In the 1960s, surfing was exploding on both coasts. I know. When I was 14, I bought my first board for 50 bucks, a humongous 9.5 ft. Jacobs with a battered nose, and rode the wild surf of Virginia Beach, Virginia. Back then, the coolest things a young cat could be was in a garage band or a surfer.
There was a glut of sixties Hollywood surfing films in which stars like Fabian, Elvis, Frankie Avalon and Annette Funicello never got wet. And then there were the low-budget indie documentaries that featured bona-fide surfers like Ricky Grigg and Greg Noll riding real waves. Blue Surf-Ari was one of those films. Despite threadbare plots, cheesy voice overs and lots of footage of teenyboppers milling around waiting for something to happen, these flicks did deliver when it came to awesome wave action. What the low-budget surf films lacked in narrative, they made up in some dynamite footage of surfers shredding down the walls of bigass waves, shooting the curl and being battered by merciless bodies of water.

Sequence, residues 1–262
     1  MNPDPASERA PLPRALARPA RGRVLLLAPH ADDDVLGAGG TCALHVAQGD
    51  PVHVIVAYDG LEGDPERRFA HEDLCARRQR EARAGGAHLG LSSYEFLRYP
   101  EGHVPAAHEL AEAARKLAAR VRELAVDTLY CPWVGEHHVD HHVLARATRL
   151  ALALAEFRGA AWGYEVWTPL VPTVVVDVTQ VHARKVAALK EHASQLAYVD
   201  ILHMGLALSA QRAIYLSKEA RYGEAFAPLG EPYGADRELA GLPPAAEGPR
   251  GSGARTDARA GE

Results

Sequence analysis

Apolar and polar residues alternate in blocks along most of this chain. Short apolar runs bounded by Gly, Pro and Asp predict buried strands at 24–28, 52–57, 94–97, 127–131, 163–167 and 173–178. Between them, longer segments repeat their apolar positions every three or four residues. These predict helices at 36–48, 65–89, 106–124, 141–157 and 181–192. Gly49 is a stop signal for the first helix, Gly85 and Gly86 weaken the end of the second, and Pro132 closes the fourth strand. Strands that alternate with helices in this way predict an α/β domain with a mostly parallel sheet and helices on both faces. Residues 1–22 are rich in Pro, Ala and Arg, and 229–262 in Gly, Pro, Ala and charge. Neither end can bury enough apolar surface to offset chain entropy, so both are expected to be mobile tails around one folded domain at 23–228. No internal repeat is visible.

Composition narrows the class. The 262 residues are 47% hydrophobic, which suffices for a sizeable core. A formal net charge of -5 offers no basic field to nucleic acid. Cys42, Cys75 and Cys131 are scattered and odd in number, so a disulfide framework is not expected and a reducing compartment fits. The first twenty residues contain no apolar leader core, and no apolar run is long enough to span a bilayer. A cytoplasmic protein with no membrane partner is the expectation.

This is for the old skool. Dig those longboards.